Book cover of Cherry Tree

Cherry Tree

by Ruskin Bond, Allan Eitzen

Publisher: Boyds Mills Press
Pages: 32
Paperback
ISBN: 9781563976216






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Overview of Cherry Tree

A young girl nurses a cherry tree from sprig to seedling and is rewared one year by the sight of small miracle--its first pink blossoms. "Abounds with quiet wisdom and love."--Publishers Weekly. Full-color illustrations.

"This gentle story of a girl in Northern India who grows a cherry tree from seed abounds with quiet wisdom and love of life. . . . Eitzen's atmospheric artwork eloquently portrays the unusual setting, while his choices of moments and details are often singular."--Publishers Weekly. Full color.

Synopsis of Cherry Tree

A young girl nurses a cherry tree from sprig to seedling and is rewared one year by the sight of small miracle--its first pink blossoms. "Abounds with quiet wisdom and love."--Publishers Weekly. Full-color illustrations.

Publishers Weekly

First published in Highlights , this gentle story of a girl in Northern India who grows a cherry tree from seed abounds with quiet wisdom and love of life. Bond's warm text is sympathetic to Rakhi's hopes and fears as she tends her tree, and poetic in its rendering--``Come back when you're a butterfly'' she says to a hungry caterpillar. Time passes, the tree grows until it produces flowers and fruit, and the girl becomes a woman. Eitzen's atmospheric artwork eloquently portrays the unusual setting, while his choices of moments and details are often singular: the wheels of a runaway cart skim across a page; strange creatures whirl out of Grandfather's nighttime tales. A minor cavil: the last page seems tacked on; the penultimate spread in itself makes a more touching closure--contemplating her full-blown tree, `` `How it changed,' she said. `Just like you,' smiled Grandfather.'' Appealingly simple in its treatment of faith, this beguiling picture book may well produce many young arborists. Ages 4-8. (Nov.)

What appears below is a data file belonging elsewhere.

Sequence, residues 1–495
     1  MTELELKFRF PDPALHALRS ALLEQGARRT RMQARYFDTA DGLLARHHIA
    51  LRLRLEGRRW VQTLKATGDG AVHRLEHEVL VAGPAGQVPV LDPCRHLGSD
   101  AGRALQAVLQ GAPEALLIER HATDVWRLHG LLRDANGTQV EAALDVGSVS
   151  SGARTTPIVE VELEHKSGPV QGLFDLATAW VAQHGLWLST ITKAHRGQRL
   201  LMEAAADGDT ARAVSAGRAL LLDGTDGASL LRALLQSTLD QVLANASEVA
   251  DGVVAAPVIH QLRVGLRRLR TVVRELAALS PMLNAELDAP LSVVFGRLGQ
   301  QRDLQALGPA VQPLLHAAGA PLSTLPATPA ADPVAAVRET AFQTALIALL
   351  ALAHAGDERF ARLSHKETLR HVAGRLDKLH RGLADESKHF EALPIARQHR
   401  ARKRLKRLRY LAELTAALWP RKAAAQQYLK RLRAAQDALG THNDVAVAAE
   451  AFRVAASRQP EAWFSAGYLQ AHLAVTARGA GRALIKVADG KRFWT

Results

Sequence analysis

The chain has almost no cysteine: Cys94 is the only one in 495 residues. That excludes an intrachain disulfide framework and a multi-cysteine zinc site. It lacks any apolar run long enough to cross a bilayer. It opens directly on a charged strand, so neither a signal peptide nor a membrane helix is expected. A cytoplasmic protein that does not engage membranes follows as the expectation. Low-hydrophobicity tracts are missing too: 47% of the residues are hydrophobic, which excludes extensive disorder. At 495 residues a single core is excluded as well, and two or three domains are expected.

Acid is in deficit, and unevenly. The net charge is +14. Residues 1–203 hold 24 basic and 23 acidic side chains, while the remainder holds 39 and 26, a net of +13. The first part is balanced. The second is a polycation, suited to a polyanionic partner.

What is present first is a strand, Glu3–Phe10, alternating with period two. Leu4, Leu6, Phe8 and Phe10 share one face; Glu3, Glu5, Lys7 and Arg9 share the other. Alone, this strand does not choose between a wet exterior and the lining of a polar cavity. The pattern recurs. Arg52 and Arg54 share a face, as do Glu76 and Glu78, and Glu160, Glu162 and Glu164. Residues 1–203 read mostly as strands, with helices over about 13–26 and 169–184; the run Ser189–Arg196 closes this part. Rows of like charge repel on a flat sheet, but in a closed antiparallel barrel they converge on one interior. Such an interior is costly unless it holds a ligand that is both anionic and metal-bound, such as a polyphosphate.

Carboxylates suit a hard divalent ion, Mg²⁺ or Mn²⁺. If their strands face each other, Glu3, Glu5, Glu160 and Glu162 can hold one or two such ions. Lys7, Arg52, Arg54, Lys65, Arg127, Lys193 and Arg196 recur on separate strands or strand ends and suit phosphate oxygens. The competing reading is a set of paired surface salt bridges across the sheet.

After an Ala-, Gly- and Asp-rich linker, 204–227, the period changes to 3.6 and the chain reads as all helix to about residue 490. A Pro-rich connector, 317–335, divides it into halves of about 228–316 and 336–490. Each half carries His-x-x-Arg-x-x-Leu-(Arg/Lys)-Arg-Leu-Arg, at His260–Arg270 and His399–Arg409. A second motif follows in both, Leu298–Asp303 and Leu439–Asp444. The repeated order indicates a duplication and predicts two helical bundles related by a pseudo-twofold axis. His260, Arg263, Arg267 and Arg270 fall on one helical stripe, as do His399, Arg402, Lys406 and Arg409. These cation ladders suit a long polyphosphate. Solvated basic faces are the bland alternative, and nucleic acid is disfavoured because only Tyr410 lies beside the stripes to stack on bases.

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Editorials

Publishers Weekly - Publisher's Weekly

First published in Highlights , this gentle story of a girl in Northern India who grows a cherry tree from seed abounds with quiet wisdom and love of life. Bond's warm text is sympathetic to Rakhi's hopes and fears as she tends her tree, and poetic in its rendering--``Come back when you're a butterfly'' she says to a hungry caterpillar. Time passes, the tree grows until it produces flowers and fruit, and the girl becomes a woman. Eitzen's atmospheric artwork eloquently portrays the unusual setting, while his choices of moments and details are often singular: the wheels of a runaway cart skim across a page; strange creatures whirl out of Grandfather's nighttime tales. A minor cavil: the last page seems tacked on; the penultimate spread in itself makes a more touching closure--contemplating her full-blown tree, `` `How it changed,' she said. `Just like you,' smiled Grandfather.'' Appealingly simple in its treatment of faith, this beguiling picture book may well produce many young arborists. Ages 4-8. (Nov.)

School Library Journal

PreS-Gr 2-- A story set in the foothills of the Himalayas. Six-year-old Rakhi eats cherries on her way home from the bazaar. She savors each bite, but finally none are left. Her grandfather suggests that she plant one of the seeds, even though few fruit trees grow in their stony soil. As time passes, the small tree survives heavy rains, a hungry goat eating its leaves, and a cart spliting it in two. The years go by, and on Rakhi's tenth birthday, the first pink blossom appears. Clear, uncluttered illustrations mix watercolor and collage to complement this simple, quiet story with universal appeal. --Laura Culberg, Harold Washington Library Center, Chicago

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